What emerges clearly from this selection of songs is the tremendous human insight of Oldham’s writing. One of Oldham’s older songs ‘One With The Birds’, introduced the tricky concept of being ‘inhuman’ and perhaps not being as distant from animals as we might wish. ‘Beware’ seems to incorporate some of our less altruistic desires into a more intricate and complete portrait of being human. Sometimes this lies in directly confronting the more unpalatable sides of human nature, from selfishness and greed to controlling impulses. Sometimes it’s a recognition of the warmth that can be found in tiny physical details (the ‘belly laughs’ or ‘the way my stomach jiggles’). At other times, it’s even rueful or self deprecating (‘you say my kisses don’t even raise a six on a scale of one to ten’). It’s a richly nuanced depiction of human life that refuses to conform to anything as simplistic as a positive or negative viewpoint.

Elsewhere, he mischievously undercuts the tropes of the American blues tradition (‘I know everyone knows the trouble I have seen/That’s the thing about trouble you can love’) and seems preoccupied with the concept of work, particularly in relationships. At the moment, ‘My Life’s Work’ is striking me as one of his most powerful and strident songs to date.

Musically, the album is as confident and audacious a work as any in Oldham’s illustrious canon. The first interjection of the choir on ‘Beware Your Only Friend’ immediately betrays the album’s wry humour (‘I want to be your only friend’, sings Oldham, ‘does that sound scary?’ responds the choir). Throughout the album, backing vocals conspire to add depth and power. The instrumentation is also correspondingly lavish, with plenty of fiddles, flutes, cornets and even the odd saxophone solo. On ‘Heart’s Arms’, Oldham explores the dramatic potential of sudden dynamic contrasts.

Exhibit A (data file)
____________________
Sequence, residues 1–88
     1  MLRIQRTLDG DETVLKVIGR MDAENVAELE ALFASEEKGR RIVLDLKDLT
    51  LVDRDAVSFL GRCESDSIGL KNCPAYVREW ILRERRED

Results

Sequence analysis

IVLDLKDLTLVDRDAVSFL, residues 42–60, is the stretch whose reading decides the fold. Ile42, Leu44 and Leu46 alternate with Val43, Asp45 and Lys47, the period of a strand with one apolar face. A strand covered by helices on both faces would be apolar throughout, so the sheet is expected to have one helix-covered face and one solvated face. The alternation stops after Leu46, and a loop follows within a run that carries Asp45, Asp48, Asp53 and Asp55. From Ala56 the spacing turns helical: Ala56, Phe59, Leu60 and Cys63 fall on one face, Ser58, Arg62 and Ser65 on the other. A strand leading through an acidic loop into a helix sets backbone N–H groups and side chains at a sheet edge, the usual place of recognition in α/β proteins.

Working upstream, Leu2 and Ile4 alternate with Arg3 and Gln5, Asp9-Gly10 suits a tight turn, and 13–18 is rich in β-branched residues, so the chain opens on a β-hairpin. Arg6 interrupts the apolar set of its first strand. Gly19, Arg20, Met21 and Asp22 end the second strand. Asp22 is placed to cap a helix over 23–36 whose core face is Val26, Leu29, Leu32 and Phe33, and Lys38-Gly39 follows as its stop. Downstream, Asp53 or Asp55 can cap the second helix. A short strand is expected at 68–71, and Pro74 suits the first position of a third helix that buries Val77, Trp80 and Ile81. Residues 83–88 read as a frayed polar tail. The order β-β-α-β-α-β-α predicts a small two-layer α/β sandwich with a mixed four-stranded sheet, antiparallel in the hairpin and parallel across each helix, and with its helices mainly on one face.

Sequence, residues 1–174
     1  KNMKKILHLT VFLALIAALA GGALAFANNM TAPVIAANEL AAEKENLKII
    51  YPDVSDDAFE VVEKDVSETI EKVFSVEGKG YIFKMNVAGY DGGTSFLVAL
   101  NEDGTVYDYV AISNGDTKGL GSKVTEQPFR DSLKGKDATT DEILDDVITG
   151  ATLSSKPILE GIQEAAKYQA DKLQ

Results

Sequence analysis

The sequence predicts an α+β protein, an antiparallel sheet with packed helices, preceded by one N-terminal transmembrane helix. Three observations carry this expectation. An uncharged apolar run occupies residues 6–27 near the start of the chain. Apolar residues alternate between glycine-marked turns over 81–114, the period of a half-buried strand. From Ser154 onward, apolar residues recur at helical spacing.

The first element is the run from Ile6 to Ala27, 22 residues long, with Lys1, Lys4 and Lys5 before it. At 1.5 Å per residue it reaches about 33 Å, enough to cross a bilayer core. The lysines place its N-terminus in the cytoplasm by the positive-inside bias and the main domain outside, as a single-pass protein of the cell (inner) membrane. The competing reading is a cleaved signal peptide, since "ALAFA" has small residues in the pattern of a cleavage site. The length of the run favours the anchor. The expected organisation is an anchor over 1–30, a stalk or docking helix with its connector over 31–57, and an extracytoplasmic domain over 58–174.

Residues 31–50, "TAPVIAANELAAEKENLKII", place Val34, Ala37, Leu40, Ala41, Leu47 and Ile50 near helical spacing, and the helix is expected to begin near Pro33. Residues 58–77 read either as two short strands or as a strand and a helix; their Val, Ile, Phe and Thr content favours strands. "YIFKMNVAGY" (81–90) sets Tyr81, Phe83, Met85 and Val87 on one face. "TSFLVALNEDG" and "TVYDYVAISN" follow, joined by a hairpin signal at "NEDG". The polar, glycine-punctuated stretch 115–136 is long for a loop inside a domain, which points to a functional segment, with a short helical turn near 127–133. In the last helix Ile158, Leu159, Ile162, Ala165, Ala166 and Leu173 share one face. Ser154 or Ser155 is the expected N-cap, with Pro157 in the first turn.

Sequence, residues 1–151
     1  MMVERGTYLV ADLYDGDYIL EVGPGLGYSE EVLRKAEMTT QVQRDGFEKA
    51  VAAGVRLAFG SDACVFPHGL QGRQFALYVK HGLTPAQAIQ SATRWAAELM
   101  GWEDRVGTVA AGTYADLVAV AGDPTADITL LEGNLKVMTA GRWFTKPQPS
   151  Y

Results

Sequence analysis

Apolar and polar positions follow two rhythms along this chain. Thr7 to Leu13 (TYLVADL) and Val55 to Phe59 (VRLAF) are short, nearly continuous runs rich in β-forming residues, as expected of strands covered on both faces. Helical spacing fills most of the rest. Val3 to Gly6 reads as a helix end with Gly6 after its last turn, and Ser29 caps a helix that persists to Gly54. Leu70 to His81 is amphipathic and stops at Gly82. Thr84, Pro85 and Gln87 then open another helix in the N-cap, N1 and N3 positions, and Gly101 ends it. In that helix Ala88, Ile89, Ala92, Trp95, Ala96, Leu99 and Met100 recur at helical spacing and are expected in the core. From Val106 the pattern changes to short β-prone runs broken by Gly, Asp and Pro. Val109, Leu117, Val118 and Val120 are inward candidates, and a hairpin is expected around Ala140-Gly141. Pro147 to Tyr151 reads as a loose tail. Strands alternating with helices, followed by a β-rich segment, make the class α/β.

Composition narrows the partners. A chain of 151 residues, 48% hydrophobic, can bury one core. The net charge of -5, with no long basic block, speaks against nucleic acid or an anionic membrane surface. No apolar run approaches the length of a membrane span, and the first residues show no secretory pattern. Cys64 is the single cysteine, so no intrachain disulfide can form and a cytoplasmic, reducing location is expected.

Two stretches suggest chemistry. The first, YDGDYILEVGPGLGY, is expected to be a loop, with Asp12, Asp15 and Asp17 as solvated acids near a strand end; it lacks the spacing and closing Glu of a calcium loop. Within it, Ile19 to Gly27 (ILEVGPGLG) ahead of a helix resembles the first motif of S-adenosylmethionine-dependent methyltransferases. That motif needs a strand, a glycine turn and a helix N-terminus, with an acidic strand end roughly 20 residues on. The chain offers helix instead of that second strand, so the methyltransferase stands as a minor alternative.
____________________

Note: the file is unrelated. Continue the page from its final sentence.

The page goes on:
Yet ‘Beware’ is also an embrace of country music’s subtleties as well as its potential for luxury. There’s the gentle shuffle of ‘I Don’t Belong To Anyone’ or the more reflective, delicate lilt of ‘Death Final’, both excellent songs. Often the rhythmic foundation comes more from hand percussion than a full drum kit, a neat trick that lends space to the music where it might otherwise have been cluttered. This works particularly well on the extraordinary, dream-like closing track ‘Afraid Ain’t Me’.

There’s also a melodic familiarity to some of the tracks here that somehow manages to be more of a strength than a weakness. Oldham has certainly done this before – with ‘One With The Birds’ having borrowed heavily from Gram Parsons’ ‘Hickory Wind’. Here, ‘Beware Your Only Friend’ reminds me slightly of ‘Octopus’ Garden’, although it’s admittedly hard to imagine Ringo Starr singing these words. More notably perhaps, ‘Without Work, You Have Nothing’ strongly resembles the old Jerome Kern standard ‘The Way You Look Tonight’. These borrowings make the songs sound rooted in history, but Oldham takes these melodies to a wildly different place.

Oldham has never made a bad album as such, but sometimes they’ve seemed either overly conceptual (‘Sings Greatest Palace Music’) or have hidden some depths within considerable subtleties (‘The Letting Go’). ‘Beware’ is an immediate and authoritative statement, but one that seems likely to have a durable quality too. Straightforwardly, for such a contrarian, these are outstanding songs, delivered with a distinctive authorial voice.